Please help me word an email asking for a higher starting salary

(21 Posts)
bunjies Fri 07-Mar-14 08:31:43

I have been offered a job which is great. It's an internal move into an area I am interested in. The role is a promotion into the next band. I am being offered the lowest salary in the band with the justification that this is significantly more than my current salary (it is �6k more) & that i would also be ineligible to receive any performance related pay increase in April. If I accept the offer it is also likely I would have to relinquish my flexible working arrangement of compressed hours which is an added hassle.

I am looking to increase the offer to �10k more than I'm currently on which would still be at the very lowest end of the scale but more in line with the role being offered.

Can you help me compose a compelling email to HR?

flowery Fri 07-Mar-14 08:53:36

I would suggest making your argument in a conversation with the recruiting manager rather than in an email to HR.

bunjies Fri 07-Mar-14 11:02:08

Thanks flowery. The thing is everything is handled through hr.

bunjies Fri 07-Mar-14 13:38:43

bump

flowery Fri 07-Mar-14 16:43:47

I'd still suggest a conversation rather than just an email. Maybe both.

What would be the grounds for your request? They are offering you something in the correct band for the role, and it's more than you are currently on, so no "matching current salary" argument. Other than you'd like more money (grin) on what basis do you think they should pay you more?

ggirl Fri 07-Mar-14 17:11:05

I negotiated an increase in banding by picking out all the extra skills I was offering the post to justify the increase.
Basically I discussed them with my recruiting manager and she apporached HR.
My discussion was focussed on job spec details and experience I brought

Sounds like yours is more complicated .

eurochick Fri 07-Mar-14 17:12:16

I can't imagine negotiating salary over email. I agree with flowery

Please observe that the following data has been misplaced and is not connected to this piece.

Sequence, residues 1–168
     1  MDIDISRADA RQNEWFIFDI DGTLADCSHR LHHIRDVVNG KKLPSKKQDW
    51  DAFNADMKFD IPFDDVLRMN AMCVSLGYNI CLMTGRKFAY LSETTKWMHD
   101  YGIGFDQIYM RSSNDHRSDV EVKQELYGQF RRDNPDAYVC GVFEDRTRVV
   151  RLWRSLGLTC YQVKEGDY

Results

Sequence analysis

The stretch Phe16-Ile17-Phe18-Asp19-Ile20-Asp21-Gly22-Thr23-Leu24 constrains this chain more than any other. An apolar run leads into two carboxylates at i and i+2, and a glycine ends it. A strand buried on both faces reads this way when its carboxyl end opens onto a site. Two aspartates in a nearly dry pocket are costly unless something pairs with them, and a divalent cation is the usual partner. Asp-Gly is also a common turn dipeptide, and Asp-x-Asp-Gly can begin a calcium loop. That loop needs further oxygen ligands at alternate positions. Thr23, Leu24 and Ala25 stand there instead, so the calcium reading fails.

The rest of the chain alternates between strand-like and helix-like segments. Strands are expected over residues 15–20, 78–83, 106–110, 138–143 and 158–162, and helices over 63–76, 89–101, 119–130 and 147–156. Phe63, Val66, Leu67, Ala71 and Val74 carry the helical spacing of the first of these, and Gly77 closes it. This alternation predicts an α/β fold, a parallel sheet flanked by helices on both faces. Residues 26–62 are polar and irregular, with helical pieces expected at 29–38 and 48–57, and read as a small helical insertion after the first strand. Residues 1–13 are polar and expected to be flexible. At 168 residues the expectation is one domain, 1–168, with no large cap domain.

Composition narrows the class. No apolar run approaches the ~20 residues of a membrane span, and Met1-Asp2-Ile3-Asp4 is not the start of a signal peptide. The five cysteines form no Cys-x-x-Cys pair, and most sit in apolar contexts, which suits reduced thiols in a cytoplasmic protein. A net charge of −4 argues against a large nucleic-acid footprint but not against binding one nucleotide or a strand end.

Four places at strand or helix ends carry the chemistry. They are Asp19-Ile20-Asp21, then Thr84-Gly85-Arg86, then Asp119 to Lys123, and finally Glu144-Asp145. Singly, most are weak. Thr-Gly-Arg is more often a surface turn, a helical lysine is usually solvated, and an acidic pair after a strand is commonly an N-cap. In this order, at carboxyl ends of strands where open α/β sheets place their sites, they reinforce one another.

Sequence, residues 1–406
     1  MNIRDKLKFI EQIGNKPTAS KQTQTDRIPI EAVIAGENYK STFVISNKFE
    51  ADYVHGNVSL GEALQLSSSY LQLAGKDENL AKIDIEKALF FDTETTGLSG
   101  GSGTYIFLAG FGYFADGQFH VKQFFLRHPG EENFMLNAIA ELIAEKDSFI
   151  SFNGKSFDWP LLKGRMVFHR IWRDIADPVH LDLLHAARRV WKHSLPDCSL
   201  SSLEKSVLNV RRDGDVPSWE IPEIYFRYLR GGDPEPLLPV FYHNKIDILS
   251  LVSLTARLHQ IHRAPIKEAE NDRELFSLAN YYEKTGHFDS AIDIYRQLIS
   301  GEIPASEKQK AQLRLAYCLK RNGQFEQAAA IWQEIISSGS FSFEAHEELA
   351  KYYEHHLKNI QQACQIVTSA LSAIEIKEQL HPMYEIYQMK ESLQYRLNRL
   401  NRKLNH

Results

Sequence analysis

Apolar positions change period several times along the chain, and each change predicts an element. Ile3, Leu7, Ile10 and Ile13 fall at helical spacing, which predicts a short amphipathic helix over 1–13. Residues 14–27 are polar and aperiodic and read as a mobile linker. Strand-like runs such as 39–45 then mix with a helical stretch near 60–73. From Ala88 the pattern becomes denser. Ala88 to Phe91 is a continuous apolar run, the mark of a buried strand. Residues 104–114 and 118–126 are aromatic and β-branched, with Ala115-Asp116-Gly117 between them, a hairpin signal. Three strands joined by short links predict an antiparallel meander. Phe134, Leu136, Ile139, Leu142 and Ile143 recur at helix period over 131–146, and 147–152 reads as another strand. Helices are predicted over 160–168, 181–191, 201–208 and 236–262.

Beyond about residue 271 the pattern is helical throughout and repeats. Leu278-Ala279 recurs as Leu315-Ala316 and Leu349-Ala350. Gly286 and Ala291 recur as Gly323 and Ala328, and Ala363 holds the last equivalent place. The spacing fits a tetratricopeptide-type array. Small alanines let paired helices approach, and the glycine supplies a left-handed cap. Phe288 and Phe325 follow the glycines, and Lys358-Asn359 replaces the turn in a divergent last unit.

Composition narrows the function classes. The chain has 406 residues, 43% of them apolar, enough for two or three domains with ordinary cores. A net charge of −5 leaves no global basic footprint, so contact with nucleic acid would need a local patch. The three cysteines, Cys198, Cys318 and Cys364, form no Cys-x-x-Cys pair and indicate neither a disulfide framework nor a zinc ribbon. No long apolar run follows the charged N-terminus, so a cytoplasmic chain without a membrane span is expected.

Technical Fri 07-Mar-14 17:28:58

Yes, flowery is right (as always)

Even if the final decision is with HR, I think you need to put your case to the recruiting manager and have him/her make your case to HR.

But, you are getting a significant rise and they are paying you on the correct scale for the job. Ultimately, why should they pay you more? What will happen if they don't?

I'm actually in the same boat ATM. Have been offered a promotion for a role that is well within my capabilities (I took a step back to enable a better family life) and which means they are getting very good value for money (which my boss recognises) I have asked not to start on the bottom of the scale but I'm not really in a strong position, as I'm going to accept it regardless. I think what will probably happen is that I'll be set various targets to achieve in my first year and each will be recognised by a one point increase, so if all goes well I could get 3 pay-rises in the first year.

Don't try and do it by email.

givemeaclue Fri 07-Mar-14 18:48:46

I work in hr. If its already a £6k increase I would need a compelling reasonto give you another £4k. I would be taking into account what other candidates were asking for and my budgets. The hassle for you of not having the same working pattern wouldn't convince me I am afraid.

Unexpected Fri 07-Mar-14 18:56:18

I wouldn't even mention the change in working pattern. You presumably decided to apply for, and certainly accept, the job knowing that this is the case. Just wanting more money is not a compelling reason to get them to offer it to you! What are you bringing to this role that no-one else will?